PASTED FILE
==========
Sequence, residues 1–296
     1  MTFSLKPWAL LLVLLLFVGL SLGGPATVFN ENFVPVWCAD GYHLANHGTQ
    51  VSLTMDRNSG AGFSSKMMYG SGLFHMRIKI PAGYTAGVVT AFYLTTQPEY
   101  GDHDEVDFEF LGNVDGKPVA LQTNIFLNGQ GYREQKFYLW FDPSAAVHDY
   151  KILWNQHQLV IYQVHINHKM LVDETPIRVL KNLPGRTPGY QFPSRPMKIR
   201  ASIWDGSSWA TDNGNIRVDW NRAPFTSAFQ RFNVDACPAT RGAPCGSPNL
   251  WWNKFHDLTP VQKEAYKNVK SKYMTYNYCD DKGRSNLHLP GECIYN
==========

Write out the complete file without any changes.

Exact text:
Sequence, residues 1–296
     1  MTFSLKPWAL LLVLLLFVGL SLGGPATVFN ENFVPVWCAD GYHLANHGTQ
    51  VSLTMDRNSG AGFSSKMMYG SGLFHMRIKI PAGYTAGVVT AFYLTTQPEY
   101  GDHDEVDFEF LGNVDGKPVA LQTNIFLNGQ GYREQKFYLW FDPSAAVHDY
   151  KILWNQHQLV IYQVHINHKM LVDETPIRVL KNLPGRTPGY QFPSRPMKIR
   201  ASIWDGSSWA TDNGNIRVDW NRAPFTSAFQ RFNVDACPAT RGAPCGSPNL
   251  WWNKFHDLTP VQKEAYKNVK SKYMTYNYCD DKGRSNLHLP GECIYN